Jimmy Carter back to building homes in Canada after after being treated for dehydration

Former President Carter attends a game between the Atlanta Falcons and the San Diego Chargers in Atlanta on Oct. 23, 2016.
Former President Carter attends a game between the Atlanta Falcons and the San Diego Chargers in Atlanta on Oct. 23, 2016.
(John Bazemore / Associated Press)

Jimmy Carter was back at a Habitat for Humanity worksite Friday, a day after the former president was hospitalized for dehydration while working with the organization to build homes for needy families in Canada.

A smiling Carter showed up in blue jeans and a work shirt to the site in the St. James neighborhood of Winnipeg, where hundreds of Habitat for Humanity volunteers joined him and his wife, Rosalynn, to build 25 homes.

Carter, 92, was discharged earlier in the morning from St. Boniface General Hospital, where he was treated “as a precaution” for dehydration, Carter spokeswoman Deanna Congileo said. He then attended a prayer service at the work site.


“He and Mrs. Carter extend their appreciation for the many well-wishes he received worldwide,” Congileo said in a statement.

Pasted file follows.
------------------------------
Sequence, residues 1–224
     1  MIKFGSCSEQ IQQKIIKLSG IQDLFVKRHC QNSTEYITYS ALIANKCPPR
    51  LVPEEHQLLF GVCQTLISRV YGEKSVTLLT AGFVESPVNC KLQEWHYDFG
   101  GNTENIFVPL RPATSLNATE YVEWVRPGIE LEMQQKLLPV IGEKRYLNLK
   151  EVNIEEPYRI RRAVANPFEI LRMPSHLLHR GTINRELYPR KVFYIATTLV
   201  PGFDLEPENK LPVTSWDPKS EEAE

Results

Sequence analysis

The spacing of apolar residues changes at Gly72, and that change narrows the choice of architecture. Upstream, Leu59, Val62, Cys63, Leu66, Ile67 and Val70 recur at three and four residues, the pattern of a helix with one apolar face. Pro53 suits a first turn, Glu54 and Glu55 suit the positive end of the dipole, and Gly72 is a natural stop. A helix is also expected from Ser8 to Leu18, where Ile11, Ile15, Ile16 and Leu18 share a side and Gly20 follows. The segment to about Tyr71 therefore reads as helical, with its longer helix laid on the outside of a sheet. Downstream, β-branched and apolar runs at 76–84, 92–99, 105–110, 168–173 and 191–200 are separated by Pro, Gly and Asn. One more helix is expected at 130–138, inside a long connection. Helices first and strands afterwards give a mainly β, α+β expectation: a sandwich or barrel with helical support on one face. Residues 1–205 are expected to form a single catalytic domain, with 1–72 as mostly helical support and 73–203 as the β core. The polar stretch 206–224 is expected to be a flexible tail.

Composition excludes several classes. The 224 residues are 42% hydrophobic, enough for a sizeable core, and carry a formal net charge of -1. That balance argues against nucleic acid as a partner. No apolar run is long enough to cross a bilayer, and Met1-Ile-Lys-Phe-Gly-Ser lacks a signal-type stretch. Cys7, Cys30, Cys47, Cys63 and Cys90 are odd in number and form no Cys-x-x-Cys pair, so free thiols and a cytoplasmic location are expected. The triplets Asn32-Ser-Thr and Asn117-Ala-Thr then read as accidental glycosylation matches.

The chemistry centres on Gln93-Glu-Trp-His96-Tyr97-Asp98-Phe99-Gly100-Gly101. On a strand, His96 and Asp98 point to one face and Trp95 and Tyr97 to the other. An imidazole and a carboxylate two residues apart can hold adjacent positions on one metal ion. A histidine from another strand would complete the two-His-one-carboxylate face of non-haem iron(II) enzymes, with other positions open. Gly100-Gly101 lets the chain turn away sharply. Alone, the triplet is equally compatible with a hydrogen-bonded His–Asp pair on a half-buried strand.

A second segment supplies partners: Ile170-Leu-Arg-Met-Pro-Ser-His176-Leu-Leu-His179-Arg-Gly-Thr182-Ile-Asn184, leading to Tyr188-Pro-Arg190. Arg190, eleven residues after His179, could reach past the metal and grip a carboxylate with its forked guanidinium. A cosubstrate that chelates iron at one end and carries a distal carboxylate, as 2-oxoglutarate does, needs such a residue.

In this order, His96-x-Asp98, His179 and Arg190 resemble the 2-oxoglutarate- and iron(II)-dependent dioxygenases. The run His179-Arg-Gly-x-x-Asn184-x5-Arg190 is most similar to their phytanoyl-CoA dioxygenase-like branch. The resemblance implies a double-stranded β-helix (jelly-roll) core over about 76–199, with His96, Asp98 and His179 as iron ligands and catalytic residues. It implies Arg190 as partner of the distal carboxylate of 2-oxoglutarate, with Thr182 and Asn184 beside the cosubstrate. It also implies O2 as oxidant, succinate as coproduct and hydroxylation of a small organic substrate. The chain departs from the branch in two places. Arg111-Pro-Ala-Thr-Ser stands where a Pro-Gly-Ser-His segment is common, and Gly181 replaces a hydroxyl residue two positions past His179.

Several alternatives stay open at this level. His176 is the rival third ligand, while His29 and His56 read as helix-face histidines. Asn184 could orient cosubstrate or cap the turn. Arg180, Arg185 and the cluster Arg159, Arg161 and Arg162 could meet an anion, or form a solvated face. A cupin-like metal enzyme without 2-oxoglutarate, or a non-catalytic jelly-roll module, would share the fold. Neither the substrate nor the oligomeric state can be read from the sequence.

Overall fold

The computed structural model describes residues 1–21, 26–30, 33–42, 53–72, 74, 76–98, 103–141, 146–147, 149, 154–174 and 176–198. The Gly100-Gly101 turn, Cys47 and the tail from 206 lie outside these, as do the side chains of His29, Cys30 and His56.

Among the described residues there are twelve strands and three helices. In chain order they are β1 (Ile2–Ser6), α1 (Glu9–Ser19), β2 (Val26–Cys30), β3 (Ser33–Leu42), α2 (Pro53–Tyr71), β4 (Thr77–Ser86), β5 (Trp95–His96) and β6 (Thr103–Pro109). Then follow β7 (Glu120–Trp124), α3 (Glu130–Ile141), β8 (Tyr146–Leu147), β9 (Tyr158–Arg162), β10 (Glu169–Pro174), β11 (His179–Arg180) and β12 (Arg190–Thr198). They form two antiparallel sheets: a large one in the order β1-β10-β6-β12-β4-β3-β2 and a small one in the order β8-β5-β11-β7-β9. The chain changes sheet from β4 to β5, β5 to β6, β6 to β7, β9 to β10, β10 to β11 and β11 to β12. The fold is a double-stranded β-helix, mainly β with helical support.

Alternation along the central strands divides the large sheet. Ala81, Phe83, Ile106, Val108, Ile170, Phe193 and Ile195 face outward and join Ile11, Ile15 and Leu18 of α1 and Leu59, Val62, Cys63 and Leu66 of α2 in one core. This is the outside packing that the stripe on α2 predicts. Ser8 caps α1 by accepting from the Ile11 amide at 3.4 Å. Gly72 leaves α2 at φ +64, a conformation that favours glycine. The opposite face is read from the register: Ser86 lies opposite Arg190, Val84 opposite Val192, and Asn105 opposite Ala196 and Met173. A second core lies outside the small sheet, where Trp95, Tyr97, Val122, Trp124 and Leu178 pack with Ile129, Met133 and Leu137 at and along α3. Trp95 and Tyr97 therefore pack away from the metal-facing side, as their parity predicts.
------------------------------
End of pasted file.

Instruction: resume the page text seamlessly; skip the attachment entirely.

Habitat for Humanity, which has had a long association with the Carters, is constructing 150 homes this year for people in need in Canada to celebrate the country’s 150th anniversary.

The Carters were in Edmonton, where Habitat for Humanity is building 75 homes, from Monday to Wednesday before coming to Winnipeg.

The former president had been working for about 90 minutes Thursday morning when he went to sit in a chair, the Winnipeg Free Press reported. He appeared to wobble, so Secret Service agents led him to his motorcade. He was treated by paramedics who took him away in an ambulance, without using lights or siren, the newspaper said.

This week’s project building houses in several Canadian communities is the 34th time the Carters have pitched in on Habitat for Humanity projects, lending a hand and their name to promote the work.

Carter was diagnosed with melanoma that spread to his brain in 2015, but announced in March of the following year that he no longer needed treatment. Carter continued to volunteer for Habitat for Humanitywhile being treated for cancer, working alongside volunteers at a home in Memphis, Tenn., in November 2015.



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9:05 a.m. This article was updated with a report that Carter has returned to the Habitat for Humanitywork site


This article was originally published at 7 a.m.